Combining PIV Cards and Biometrics Enhances Airport Security

Combining PIV Cards and Biometrics Enhances Airport Security
Municipal airports can be a security challenge.  There are requirements both inside the terminal and out on the tarmac, spanning thousands of employees.    One highly effective option is to give all airport staff the commercial equivalent of the ID cards carried by federal Transportation Security Administration (TSA) workers, and manage both with a single access control system that also ensures higher security through strong authentication.  Security can be further improved using biometrics authentication, especially at sensitive entry points including where there is unsupervised access to high-risk areas. 

Today’s latest credential management systems support both the federal Personal Identity Verification (PIV) and PIV-Interoperable (PIV-I) cards for agency workers and government contractors, respectively, as well as the simplified Commercial Identity Verification (CIV) card.  PIV cards take advantage of Public/Private Key Infrastructure (PKI)-based validation, in which a digital certificate is placed on the PIV card that includes the user’s key information and access levels.  This information is sent through an electronic bridge to a federal certificate authority to confirm that the certificate has not been revoked, and that there has been no tampering.  A pair of public and private keys is used which are linked in such a way that information processed with one key can only be decoded or validated using the other key.  In other words, the system does not rely on a shared, secret key. 
PKI strong authentication is a highly efficient and interoperable strong authentication method for both logical and physical access control, the latter referred to as “PKI at the door.”  This capability can be implemented at lower cost throughout the airport with CIV cards -- unlike Federal agencies, CIV card users don’t have to purchase certificates from a trust anchor or pay annual maintenance fees, but can instead generate their own certificates.  While the cards are a little more expensive to accommodate the extra memory for certificate storage, this modest incremental cost will deliver the valuable additional benefits of stronger authentication at the door. 

For a municipal airport, the CIV cards can be used alongside their PIV siblings that are already being carried by TSA employees there.  Once issued, CIV cards work with a large number of systems and applications that are interoperable with the PIV standard.  With the latest credential management solutions, airport management can issue PIV, PIV-I and CIV cards with a single system and automatically push credential information to their physical access control system (PACS), enabling cards to be used for authentication at the door without the need to re-enroll their card again.  PACS access is also deactivated when the card is reported lost or stolen or terminated in the system.  Today’s systems also provide enhanced Certificate Authority (CA) support, across an extended range of CAs for issuing PKI certificates on smart cards.  The systems provide the flexibility to work with mobile devices, as well, and enable organizations to comply with their security policies.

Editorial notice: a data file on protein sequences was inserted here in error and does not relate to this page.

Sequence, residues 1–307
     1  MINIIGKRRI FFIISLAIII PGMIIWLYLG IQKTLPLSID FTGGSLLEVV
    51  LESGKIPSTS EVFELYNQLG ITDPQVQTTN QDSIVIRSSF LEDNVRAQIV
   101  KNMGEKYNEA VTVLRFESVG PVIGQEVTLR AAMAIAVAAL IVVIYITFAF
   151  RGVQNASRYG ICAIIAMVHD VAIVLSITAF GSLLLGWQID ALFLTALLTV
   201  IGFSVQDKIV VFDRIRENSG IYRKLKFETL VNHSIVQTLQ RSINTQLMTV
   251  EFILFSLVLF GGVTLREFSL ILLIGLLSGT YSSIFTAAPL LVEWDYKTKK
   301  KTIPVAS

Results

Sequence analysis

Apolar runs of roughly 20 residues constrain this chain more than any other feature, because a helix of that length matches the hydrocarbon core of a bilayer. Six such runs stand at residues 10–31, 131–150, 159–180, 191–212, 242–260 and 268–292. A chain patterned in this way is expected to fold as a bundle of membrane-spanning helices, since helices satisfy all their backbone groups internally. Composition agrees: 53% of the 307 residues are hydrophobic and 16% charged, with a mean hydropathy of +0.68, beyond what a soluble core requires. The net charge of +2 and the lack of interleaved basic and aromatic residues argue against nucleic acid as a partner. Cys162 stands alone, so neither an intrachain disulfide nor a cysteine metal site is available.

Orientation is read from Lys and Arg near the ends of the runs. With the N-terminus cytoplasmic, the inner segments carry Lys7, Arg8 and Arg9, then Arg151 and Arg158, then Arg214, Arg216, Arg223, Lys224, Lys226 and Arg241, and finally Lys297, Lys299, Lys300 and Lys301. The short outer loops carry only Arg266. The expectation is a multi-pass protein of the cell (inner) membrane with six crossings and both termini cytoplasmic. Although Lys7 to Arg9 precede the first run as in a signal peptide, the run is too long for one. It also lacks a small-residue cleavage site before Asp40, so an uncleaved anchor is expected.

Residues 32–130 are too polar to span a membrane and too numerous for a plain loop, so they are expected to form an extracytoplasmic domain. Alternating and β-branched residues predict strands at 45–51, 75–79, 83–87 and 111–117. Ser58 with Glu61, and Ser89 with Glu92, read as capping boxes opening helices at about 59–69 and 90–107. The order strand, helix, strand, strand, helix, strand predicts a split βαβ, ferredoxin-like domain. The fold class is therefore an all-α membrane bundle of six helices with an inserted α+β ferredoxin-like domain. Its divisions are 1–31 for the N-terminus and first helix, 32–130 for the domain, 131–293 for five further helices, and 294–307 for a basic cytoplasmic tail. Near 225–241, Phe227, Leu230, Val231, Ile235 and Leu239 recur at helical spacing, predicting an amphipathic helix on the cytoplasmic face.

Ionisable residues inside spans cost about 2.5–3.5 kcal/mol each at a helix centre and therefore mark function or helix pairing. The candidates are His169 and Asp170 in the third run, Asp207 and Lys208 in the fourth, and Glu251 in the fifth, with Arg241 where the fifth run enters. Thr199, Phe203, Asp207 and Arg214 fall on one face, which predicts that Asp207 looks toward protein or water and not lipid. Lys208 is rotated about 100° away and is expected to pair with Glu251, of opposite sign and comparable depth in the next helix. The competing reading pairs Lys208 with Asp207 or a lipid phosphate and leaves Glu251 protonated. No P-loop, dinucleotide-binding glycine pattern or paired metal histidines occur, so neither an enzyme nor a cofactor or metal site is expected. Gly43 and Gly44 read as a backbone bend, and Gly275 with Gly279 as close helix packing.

For additional security, biometrics authentication can be used to simultaneously improve user convenience in the airport setting.  One example is the use of HID Global’s Lumidigm sensors at Baltimore/Washington International (BWI) Airport.  Deployed in 2013, the V-Series multispectral fingerprint sensors are used to control access to the tarmac, with multiple units installed directly outdoors.  The system handles tens of thousands of transactions per day, using a combination of embedded fingerprint biometrics with a smart card reader, PKI and digital signature technologies. 
 
The combination of high-performance biometrics sensors with an airport’s access control system simplifies identity verification while ensuring that authenticated users are the same people that were issued the cards.  A key factor for biometrics deployment in the airport environment is the ability to overcome the fingerprint capture problems that conventional imaging systems face in less-than-ideal conditions.  This can be done by capturing unique fingerprint characteristics from both the surface and subsurface of the skin, ensuring that fingerprints can be read in all types of conditions, from snow to rain to heat, and with a wide demographic ranging from pilots to ticketing agents, drivers, mechanics and the entire range of airport workers. 
 
Also important is the concept of liveness detection to eliminate the problem of fake fingerprints and concerns about fraud or biometric identity theft.   Today’s field-updatable liveness detection capabilities ensure proof of presence by identifying real human tissue as authentic and detecting fraudulent materials within a fraction of a second.  The most effective liveness detection solutions are built from advanced machine learning algorithms that can be updated as new threats and spoofs are identified, enabling multispectral imaging sensors to very quickly respond and adapt to new vulnerabilities. The combination of a smart card, PIN and biometric with liveness detection brings the possibility of fraud and identity theft close to zero.
 
PIV cards are already in the airport, and the additional of CIV cards enables administrators to extend strong authentication at the door throughout the facility, taking advantage of the infrastructure created by the Federal government’s PIV program.   The addition of biometrics further improves security while enhancing convenience, and ideally includes a combination of liveness-detection and spoof-prevention techniques to improve performance and prevent the use of fake fingerprints.
 
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